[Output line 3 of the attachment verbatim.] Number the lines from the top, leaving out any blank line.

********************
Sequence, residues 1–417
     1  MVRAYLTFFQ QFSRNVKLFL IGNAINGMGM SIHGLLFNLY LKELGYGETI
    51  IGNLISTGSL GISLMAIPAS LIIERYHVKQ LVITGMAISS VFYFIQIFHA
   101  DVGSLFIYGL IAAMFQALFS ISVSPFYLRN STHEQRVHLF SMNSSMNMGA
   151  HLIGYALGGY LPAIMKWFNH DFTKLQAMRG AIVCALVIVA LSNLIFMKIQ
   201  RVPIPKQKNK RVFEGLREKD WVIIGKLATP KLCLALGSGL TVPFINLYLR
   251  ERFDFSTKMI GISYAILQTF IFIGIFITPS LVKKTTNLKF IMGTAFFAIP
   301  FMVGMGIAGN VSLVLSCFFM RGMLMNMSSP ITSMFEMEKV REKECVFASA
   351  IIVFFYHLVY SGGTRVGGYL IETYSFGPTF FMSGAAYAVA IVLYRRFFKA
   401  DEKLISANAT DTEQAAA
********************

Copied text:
    51  IGNLISTGSL GISLMAIPAS LIIERYHVKQ LVITGMAISS VFYFIQIFHA